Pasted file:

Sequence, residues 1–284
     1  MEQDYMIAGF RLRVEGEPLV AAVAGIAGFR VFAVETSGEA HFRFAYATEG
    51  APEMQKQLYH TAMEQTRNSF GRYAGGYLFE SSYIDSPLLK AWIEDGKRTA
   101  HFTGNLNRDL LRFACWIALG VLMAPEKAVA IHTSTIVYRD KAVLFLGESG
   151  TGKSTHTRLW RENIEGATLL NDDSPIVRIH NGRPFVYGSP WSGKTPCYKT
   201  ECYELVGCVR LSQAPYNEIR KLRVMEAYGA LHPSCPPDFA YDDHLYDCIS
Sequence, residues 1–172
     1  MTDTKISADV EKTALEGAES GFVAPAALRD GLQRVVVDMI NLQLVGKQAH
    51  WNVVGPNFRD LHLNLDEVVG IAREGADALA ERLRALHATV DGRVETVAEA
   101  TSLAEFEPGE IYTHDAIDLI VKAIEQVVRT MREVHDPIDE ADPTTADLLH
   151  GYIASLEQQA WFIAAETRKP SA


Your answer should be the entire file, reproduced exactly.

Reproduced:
Sequence, residues 1–284
     1  MEQDYMIAGF RLRVEGEPLV AAVAGIAGFR VFAVETSGEA HFRFAYATEG
    51  APEMQKQLYH TAMEQTRNSF GRYAGGYLFE SSYIDSPLLK AWIEDGKRTA
   101  HFTGNLNRDL LRFACWIALG VLMAPEKAVA IHTSTIVYRD KAVLFLGESG
   151  TGKSTHTRLW RENIEGATLL NDDSPIVRIH NGRPFVYGSP WSGKTPCYKT
   201  ECYELVGCVR LSQAPYNEIR KLRVMEAYGA LHPSCPPDFA YDDHLYDCIS
Sequence, residues 1–172
     1  MTDTKISADV EKTALEGAES GFVAPAALRD GLQRVVVDMI NLQLVGKQAH
    51  WNVVGPNFRD LHLNLDEVVG IAREGADALA ERLRALHATV DGRVETVAEA
   101  TSLAEFEPGE IYTHDAIDLI VKAIEQVVRT MREVHDPIDE ADPTTADLLH
   151  GYIASLEQQA WFIAAETRKP SA